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right up front, I would say its a young mans game, that said, talent is really the x-factor. you may have it, you may not. that is, to add concept and value to something from nothing, and to be good at figuring technical things out while not losing your ability to add communication and esthetic value

 

Honestly I would do it as a hobby for a while, and really become an observer of styles. If you have experience editing, and get lucky or have enough talent to work somewhere beside some motion graphics people, that might be good. The age thing also depends on your timeframe where you need to be journeyman level, if you have the money or sittuational security to play at it for a while, enjoy it, you will be in much better shape than if you learn andrew kramers (sometimes very inventive) techniques and end up a low end imitator/button pusher doing crap local ads. Or maybe thats fine by you, its still not a bad field to be in compared to some - the trick though, is its hard to last being anything other than well above average of who you run into in your career. so that brings me to the next point - the intangibles

 

not to be harsh, but you may not have what it takes and find that out after a few years - I wonder what happens to that high percentage of art institute grads who sucked. have you been (creatively) successful in other creative fuelds (music etc)? its a brutal field to have everything you labor on scrutinized to a ridiculously high degree - and this isnt always enlightened scrutiny. But if you are not impressing clients, you will have a steady diet of criticism until they stop hiring you - this hasnt happened to me luckily, but the PITA of the relatively heightened scrutiny (and self-scrutiny) of a days work is something i am now used to, but still feel adds one of the stresses to the career. Also, how are you under stress and dealing with people?

 

good luck, just remember the most effortless mograph you see is usually the most time consuming. and you want your stuff to look effortless, so you have to feed this thing time. for that to happen you have to believe in your ability to add something to this field, otherwise its just button pushing. you also have to factor in almost endlessly spending hours per week just keeping up your skills, or learning new things. its funny because lots of us in our 30s are starting to think of less intense ways of making a living and thinking about what job we will want to be doing at 55 (drinking on a sailboat). if you've been traveling, then you've already done some of the best stuff a person can do in life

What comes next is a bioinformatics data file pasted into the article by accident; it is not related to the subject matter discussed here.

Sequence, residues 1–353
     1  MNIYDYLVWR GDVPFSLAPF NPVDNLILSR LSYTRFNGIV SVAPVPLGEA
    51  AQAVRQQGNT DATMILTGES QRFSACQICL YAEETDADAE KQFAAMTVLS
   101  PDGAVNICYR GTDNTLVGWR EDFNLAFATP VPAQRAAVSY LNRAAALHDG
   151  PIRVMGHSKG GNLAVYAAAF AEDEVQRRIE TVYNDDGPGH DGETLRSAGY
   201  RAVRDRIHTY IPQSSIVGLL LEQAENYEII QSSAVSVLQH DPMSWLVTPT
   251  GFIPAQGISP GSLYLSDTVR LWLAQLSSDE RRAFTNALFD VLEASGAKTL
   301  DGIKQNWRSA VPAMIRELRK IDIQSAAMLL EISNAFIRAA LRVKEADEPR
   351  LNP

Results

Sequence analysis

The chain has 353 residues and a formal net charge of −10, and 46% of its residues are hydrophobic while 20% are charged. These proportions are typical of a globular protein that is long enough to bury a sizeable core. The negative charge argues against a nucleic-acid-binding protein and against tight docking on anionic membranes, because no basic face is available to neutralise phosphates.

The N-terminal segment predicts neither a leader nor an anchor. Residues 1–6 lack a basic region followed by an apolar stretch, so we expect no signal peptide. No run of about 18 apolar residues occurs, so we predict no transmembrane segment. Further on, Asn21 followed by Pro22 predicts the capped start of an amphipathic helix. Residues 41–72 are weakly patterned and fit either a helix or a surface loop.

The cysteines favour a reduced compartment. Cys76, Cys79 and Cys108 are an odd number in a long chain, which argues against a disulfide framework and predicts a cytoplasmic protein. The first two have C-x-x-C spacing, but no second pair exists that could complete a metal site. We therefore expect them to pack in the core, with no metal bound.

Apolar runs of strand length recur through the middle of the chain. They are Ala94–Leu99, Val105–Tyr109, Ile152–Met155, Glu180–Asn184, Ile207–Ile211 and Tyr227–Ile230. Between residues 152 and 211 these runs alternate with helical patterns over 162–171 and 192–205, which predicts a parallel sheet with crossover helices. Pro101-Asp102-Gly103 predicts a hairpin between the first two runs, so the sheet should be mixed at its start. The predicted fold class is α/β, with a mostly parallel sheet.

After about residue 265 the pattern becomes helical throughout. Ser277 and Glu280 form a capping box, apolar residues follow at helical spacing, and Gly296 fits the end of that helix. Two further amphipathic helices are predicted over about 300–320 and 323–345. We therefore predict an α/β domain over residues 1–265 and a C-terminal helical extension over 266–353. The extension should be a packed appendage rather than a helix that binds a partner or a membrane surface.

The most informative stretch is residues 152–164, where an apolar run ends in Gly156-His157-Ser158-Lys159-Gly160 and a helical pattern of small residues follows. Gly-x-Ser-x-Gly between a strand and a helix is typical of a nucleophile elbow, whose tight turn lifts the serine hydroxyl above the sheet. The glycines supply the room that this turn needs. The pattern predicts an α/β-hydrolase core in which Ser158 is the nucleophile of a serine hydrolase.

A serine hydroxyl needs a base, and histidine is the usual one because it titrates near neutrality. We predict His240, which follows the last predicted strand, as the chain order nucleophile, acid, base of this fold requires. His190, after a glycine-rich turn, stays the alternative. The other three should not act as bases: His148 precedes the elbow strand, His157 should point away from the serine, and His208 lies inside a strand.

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Wait.. Are you saying you just started doing tutorials in the past year and are considering getting into the field? Or have you been studying design / animation and are about to enter the work force?

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Thank you for all your responses.

 

silatix- To answer your question , yes, I have only started doing tutorials this year and considering entering the field.

 

mintyfresh- I appreciate your insights. You have broken down the reality of the situation even better than I see it. And I definitely agree with all your points. Designers come in all shapes and sizes. Some of the best ones didn't even go to school to learn motion design. Albeit, school is always a good foundation in developing one's methodology in whatever endeavor.

 

I have no intention to drop everything else and pursue motion design. But I do want to unleash the creative juices I have always held back because resources weren't available then.

 

I'm in no rush. But hopefully associating myself with people in the industry can help expedite my skills and knowledge.

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if you're the type of guy that watches commercials and asks himself "why'd they do that? that was stupid." then you have an eye for this stuff to some degree as our whole industry is based around broadcast and making client-work un-stupid. in my opinion, that critical eye is probably the most important thing to maintain and develop, and the first thing you lose when you start drowning yourself in tutorials and the technical side of things. it's all about storytelling and evoking emotion. if you can do that with circles and squares, then you will dominate over the guys doing high poly molecular models of the human genome. which is why most people will recommend that you not touch the technical side before you master the fundamentals, lest you find out years later when it's too late that all of your work is boring and vapid and the reason why you're unemployed.

 

being totally indoctrinated in design theory, composition, color theory, typography, etc. will give you the innate ability to make the correct/better decisions when it comes to these issues. so instead of sitting there blankly staring at the screen, wrestling with yourself to "make it better," you'll automatically recall the CONCRETE lessons you've learned. that's not to say that design is as clear cut as that, but there is bad, good, and better designs. you just have to learn how to distinguish between the three and it comes naturally once you've reiterated these lessons in your head enough - repetition.

 

or you can be like every other bonehead doing tutorials, have a eureka moment when you find out you can make cool looking shit with minimal effort, then shit out a reelful of stolen tutorial work and call it a day thinking you're ten steps ahead of everyone else. when in reality you've done yourself a disservice by attaching your name to taking credit for other people's ideas/work, and showing your low standards of what "technical proficiency" means because you were willing to make public a body of work that isn't even a tenth of a percentile what is really required to be employable in this industry. your proverbial tonal deaf-mute on american idol.